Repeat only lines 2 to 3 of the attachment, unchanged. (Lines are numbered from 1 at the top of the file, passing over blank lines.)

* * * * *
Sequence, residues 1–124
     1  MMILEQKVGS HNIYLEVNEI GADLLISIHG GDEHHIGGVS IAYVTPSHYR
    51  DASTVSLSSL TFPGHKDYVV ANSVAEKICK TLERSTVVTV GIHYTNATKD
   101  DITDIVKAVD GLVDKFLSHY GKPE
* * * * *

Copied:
     1  MMILEQKVGS HNIYLEVNEI GADLLISIHG GDEHHIGGVS IAYVTPSHYR
    51  DASTVSLSSL TFPGHKDYVV ANSVAEKICK TLERSTVVTV GIHYTNATKD